PlanetSpace announced today it has added the Space Exploration division of The Boeing Company (NYSE: BA) to its existing teammates, Alliant Techsystems (NYSE: ATK) and Lockheed Martin Corporation (NYSE: LMT), on the proposed solution to NASA for the Commercial Resupply Services to the International Space Station.
The PlanetSpace ISS Commercial Resupply Services (CRS) team includes the following major members:
- PlanetSpace is the overall prime contractor and manages the CRS contract.
- ATK provides the Athena III launch vehicle and ground processing.
- Lockheed Martin and Boeing will develop, produce and operate modular Orbital Transfer Vehicles (OTV) that serve as the cargo carriers to the International Space Station.
SPACEPORT AMERICA PRESS RELEASE
23 October 2008
LAS CRUCES, NM â€“ In recognition of the critical role that expanded personal and commercial access to space will play in the growth of the global economy and society, the New Mexico Spaceport Authority (NMSA), has announced its intent to create a non-profit organization, called the Spaceport America Institute (SAI).
The Spaceport America Institute will be the catalyst for developing a reservoir of educationally valuable content from narratives, videography, digital images, operational data, and online exchanges.Â SAI will be a collaboration between Spaceport America and the educational community.Â The combined resources, talent and technology will augment education in science, technology, engineering, and math (STEM).Â
Russia-InfoCentre has a brief update on Myasishchev Experimental Machine Building Plant’s planned 16-passenger suborbital tourism vehicle.
“Researchers plan to demonstrate ready and tested vehicle in 2011-2012. Russian experimental machine-building plant signed the contract with the Russian investor, who prefers to be anonymous. The contract provides funding for development of M-91 aviation and space system â€“ six months of preliminary engineering and couple of years for all necessary tests.”
Why this space ride wonâ€™t be so rough
Russians resolve electrical problem with Soyuz craft, NASA official says
“Russian space officials say they solved the problem going forward by making modifications in the spacecraft, starting with the one that was launched this month and will remain attached to the space station until next spring. As for the Soyuz due to come back this week, the Russians say the problem was fixed when an explosive bolt was removed during an emergency spacewalk in July.
“Of course, all this assumes that the problem has been correctly identified. And there’s the rub.
“The supposedly faulty bolt assembly has not yet even been returned to Earth for disassembly and inspection. It will be coming home on the current return mission, and could provide the first real evidence that the theory behind the previous failures (and the justification for the workarounds and repairs) is correct.”
This image, taken by the Surface Stereo Imager (SSI) of NASA’s Phoenix Lander, shows Martian soil piled on top of the spacecraft’s deck and some of its instruments.
NASA MISSION UPDATE
21 October 2008
NASA’s Phoenix Mars Lander has finished scooping soil samples to deliver to its onboard laboratories, and is now preparing to analyze samples already obtained. Scientists are anxious to analyze the samples as the power Phoenix generates continues to drop. The amount of sunlight is waning on Mars’ northern plains as late-summer turns to fall.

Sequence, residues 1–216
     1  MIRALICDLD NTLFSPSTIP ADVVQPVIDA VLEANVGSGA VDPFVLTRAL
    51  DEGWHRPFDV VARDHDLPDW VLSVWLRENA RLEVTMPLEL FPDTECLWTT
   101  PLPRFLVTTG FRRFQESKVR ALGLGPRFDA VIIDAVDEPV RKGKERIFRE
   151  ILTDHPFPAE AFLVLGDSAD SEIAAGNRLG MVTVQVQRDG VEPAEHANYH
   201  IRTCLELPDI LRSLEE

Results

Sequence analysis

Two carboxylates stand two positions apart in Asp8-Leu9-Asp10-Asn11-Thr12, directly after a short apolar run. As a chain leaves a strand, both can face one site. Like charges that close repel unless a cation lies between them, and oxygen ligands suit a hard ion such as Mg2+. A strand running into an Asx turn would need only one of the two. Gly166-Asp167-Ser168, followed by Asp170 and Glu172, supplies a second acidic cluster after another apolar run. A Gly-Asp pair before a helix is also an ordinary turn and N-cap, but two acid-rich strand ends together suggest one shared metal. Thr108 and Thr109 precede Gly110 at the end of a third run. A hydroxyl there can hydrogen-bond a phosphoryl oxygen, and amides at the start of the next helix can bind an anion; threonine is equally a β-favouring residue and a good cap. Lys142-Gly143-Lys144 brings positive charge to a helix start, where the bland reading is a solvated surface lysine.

The spacecraft’s robotic arm is digging into the lower portion of the “Upper Cupboard” and “Stone Soup” areas of the Phoenix worksite. Its Surface Stereoscopic Imager is taking photos of this trenching so scientists can better map out the geology of the Red Planet’s ice table.
SpaceDev agrees to be acquired
North County Times
Private space flight pioneer SpaceDev Inc. said Monday that it has agreed to be bought for $38 million, or 68 to 72 cents per share, by Sierra Nevada Corp., a privately held company based in Sparks, Nev.
The price represents a 42 percent to 50 percent premium to the average closing price of SpaceDev stock in the previous 30 trading days.
In over-the-counter trading Monday, SpaceDev shares closed at 42 cents, up 2 cents for the day. Announcement of the sale was made after markets closed.
NASA MISSION UPDATE
This series of images show Phoenix’s telltale instrument waving in the Martian wind. Documenting the telltale’s movement helps mission scientists and engineers determine what the wind is like on Mars.
On the day these images were taken, one of the images seemed to be “out-of-phase” with other images, possibly indicating a dust devil occurrence. Preliminary analysis of the images taken right before and after the passing of this possible dust devil indicates winds from the west at 7 meters per second. The image taken during the possible dust devil shows 11 meters per second wind from the south.
With the global economy in meltdown, SpaceX founder and CTO Elon Musk took over as CEO of his other major venture, Tesla Motors, and announced layoffs of at least 30 of the electric car company’s 250 employees. The San Jose Mercury News reports:
“Tesla Motors is putting its Model S sedan on hold, closing the Michigan facility that was working on some of the sedan’s engineering and laying off an unspecified number of people, the company confirmed Wednesday.